6. 6.

    Bigio EH (2008) Update on recent molecular and genetic advances in frontotemporal lobar degeneration. J Neuropathol Exp Neurol 67:635–648. https://doi.org/10.1097/NEN.0b013e31817d751c

    CAS  Article  PubMed  PubMed Central  Google Scholar 

  7. 7.

    Braak H, Braak E (1991) Neuropathological stageing of Alzheimer-related changes. Acta Neuropathol 82:239–259. https://doi.org/10.1007/BF00308809

    CAS  Article  Google Scholar 

  8. 8.

    Braak H, Braak E (1995) Staging of Alzheimer's disease-related neurofibrillary changes. Neurobiol Aging 16:271–278. https://doi.org/10.1016/0197-4580(95)00021-6

    CAS  Article  PubMed  Google Scholar 

  9. 9.

    Braak H, Del Tredici K (2011) The pathological process underlying Alzheimer's disease in individuals under thirty. Acta Neuropathol 121:171–181. https://doi.org/10.1007/s00401-010-0789-4

    Article  PubMed  Google Scholar 

  10. 10.

    Brownell B, Oppenheimer DR, Hughes JT (1970) The central nervous system in motor neurone disease. J Neurol Neurosurg Psychiatry 33:338–357. https://doi.org/10.1136/jnnp.33.3.338

    CAS  Article  PubMed  PubMed Central  Google Scholar 

  11. 11.

    Cairns NJ, Neumann M, Bigio EH, Holm IE, Troost D, Hatanpaa KJ et al (2007) TDP-43 in familial and sporadic frontotemporal lobar degeneration with ubiquitin inclusions. Am J Pathol 171:227–240. https://doi.org/10.2353/ajpath.2007.070182

    CAS  Article  PubMed  PubMed Central  Google Scholar 

  12. 12.

    Cherry JD, Kim SH, Stein TD, Pothast MJ, Nicks R, Meng G et al (2020) Evolution of neuronal and glial tau isoforms in chronic traumatic encephalopathy. Brain Pathol. https://doi.org/10.1111/bpa.12867

    Article  PubMed  Google Scholar 

  13. 13.

    Cherry JD, Tripodis Y, Alvarez VE, Huber B, Kiernan PT, Daneshvar DH et al (2016) Microglial neuroinflammation contributes to tau accumulation in chronic traumatic encephalopathy. Acta Neuropathol Commun 4:112. https://doi.org/10.1186/s40478-016-0382-8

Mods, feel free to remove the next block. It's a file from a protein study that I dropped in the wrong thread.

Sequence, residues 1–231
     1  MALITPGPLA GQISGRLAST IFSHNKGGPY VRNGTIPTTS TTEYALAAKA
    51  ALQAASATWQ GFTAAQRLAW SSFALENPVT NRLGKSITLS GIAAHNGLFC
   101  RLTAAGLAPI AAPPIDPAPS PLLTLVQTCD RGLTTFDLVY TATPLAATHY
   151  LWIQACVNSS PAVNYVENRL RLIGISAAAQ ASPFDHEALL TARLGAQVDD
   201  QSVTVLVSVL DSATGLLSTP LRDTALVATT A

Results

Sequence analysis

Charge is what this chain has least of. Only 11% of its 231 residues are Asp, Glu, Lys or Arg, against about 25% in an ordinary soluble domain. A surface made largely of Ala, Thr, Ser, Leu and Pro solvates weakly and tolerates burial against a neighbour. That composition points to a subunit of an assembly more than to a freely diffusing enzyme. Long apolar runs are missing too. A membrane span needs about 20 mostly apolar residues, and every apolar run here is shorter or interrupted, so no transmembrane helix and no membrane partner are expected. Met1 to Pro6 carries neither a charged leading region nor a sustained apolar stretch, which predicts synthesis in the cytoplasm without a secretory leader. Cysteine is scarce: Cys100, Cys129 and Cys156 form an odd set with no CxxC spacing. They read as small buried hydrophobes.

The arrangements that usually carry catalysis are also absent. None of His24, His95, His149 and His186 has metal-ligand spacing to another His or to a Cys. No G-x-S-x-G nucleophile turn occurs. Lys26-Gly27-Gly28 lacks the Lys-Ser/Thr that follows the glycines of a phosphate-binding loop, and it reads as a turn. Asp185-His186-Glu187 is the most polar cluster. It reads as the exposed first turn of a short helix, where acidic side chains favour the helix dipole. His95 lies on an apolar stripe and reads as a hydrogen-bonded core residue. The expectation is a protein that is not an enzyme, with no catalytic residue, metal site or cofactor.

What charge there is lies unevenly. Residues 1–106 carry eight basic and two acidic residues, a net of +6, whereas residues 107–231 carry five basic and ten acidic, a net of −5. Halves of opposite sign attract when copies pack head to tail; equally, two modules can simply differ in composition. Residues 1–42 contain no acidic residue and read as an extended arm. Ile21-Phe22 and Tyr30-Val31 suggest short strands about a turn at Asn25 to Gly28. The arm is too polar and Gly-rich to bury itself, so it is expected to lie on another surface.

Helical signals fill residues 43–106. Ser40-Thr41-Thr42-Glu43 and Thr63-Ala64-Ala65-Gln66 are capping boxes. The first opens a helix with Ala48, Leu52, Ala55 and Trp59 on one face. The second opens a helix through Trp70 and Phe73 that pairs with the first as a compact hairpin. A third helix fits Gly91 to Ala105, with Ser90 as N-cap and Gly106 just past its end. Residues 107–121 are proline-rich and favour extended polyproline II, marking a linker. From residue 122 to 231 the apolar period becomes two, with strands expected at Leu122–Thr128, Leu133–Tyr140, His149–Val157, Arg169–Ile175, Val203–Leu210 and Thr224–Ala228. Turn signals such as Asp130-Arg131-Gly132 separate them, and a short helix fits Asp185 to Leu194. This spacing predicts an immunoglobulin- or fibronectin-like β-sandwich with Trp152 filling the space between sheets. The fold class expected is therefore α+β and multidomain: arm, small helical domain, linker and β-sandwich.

CAS  Article  PubMed  PubMed Central  Google Scholar 

  14. 14.

    Corsellis JA, Bruton CJ, Freeman-Browne D (1973) The aftermath of boxing. Psychol Med 3:270–303. https://doi.org/10.1017/s0033291700049588

    CAS  Article  PubMed  Google Scholar 

  15. 15.

    de Miranda AS, Zhang CJ, Katsumoto A, Teixeira AL (2017) Hippocampal adult neurogenesis: does the immune system matter? J Neurol Sci 372:482–495. https://doi.org/10.1016/j.jns.2016.10.052

    Article  PubMed  Google Scholar 

  16. 16.

    Dickson DW (2009) Neuropathology of non-Alzheimer degenerative disorders. Int J Clin Exp Pathol 3:1–23

    PubMed  Google Scholar 

  17. 17.

    Ehrenberg AJ, Suemoto CK, Franca Resende EP, Petersen C, Leite REP, Rodriguez RD et al (2018) Neuropathologic correlates of psychiatric symptoms in Alzheimer's disease. J Alzheimers Dis 66:115–126. https://doi.org/10.3233/JAD-180688

    CAS  Article  PubMed  PubMed Central  Google Scholar 

  18. 18.

    Erdo F, Denes L, de Lange E (2017) Age-associated physiological and pathological changes at the blood-brain barrier: a review. J Cereb Blood Flow Metab 37:4–24. https://doi.org/10.1177/0271678X16679420

    CAS  Article  PubMed  Google Scholar 

  19. 19.

    Eser RA, Ehrenberg AJ, Petersen C, Dunlop S, Mejia MB, Suemoto CK et al (2018) Selective vulnerability of brainstem nuclei in distinct tauopathies: a postmortem study. J Neuropathol Exp Neurol 77:149–161. https://doi.org/10.1093/jnen/nlx113

    CAS  Article  PubMed  PubMed Central  Google Scholar 

  20. 20.

    Falcon B, Zivanov J, Zhang W, Murzin AG, Garringer HJ, Vidal R et al (2019) Novel tau filament fold in chronic traumatic encephalopathy encloses hydrophobic molecules. Nature 568:420–423. https://doi.org/10.1038/s41586-019-1026-5

    CAS  Article  PubMed  PubMed Central  Google Scholar 

  21. 21.